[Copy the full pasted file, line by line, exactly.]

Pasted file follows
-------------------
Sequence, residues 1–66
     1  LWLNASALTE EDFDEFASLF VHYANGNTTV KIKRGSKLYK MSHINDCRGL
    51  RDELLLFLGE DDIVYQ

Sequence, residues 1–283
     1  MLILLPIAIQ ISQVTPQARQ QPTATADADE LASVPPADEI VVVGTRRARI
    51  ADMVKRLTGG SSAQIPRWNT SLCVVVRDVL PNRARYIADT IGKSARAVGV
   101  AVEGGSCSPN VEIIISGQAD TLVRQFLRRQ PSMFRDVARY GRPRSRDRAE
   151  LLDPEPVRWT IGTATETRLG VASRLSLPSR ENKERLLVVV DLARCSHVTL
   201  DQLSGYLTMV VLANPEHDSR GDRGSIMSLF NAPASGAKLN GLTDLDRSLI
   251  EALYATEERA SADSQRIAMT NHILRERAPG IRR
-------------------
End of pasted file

Sequence, residues 1–66
     1  LWLNASALTE EDFDEFASLF VHYANGNTTV KIKRGSKLYK MSHINDCRGL
    51  RDELLLFLGE DDIVYQ

Sequence, residues 1–283
     1  MLILLPIAIQ ISQVTPQARQ QPTATADADE LASVPPADEI VVVGTRRARI
    51  ADMVKRLTGG SSAQIPRWNT SLCVVVRDVL PNRARYIADT IGKSARAVGV
   101  AVEGGSCSPN VEIIISGQAD TLVRQFLRRQ PSMFRDVARY GRPRSRDRAE
   151  LLDPEPVRWT IGTATETRLG VASRLSLPSR ENKERLLVVV DLARCSHVTL
   201  DQLSGYLTMV VLANPEHDSR GDRGSIMSLF NAPASGAKLN GLTDLDRSLI
   251  EALYATEERA SADSQRIAMT NHILRERAPG IRR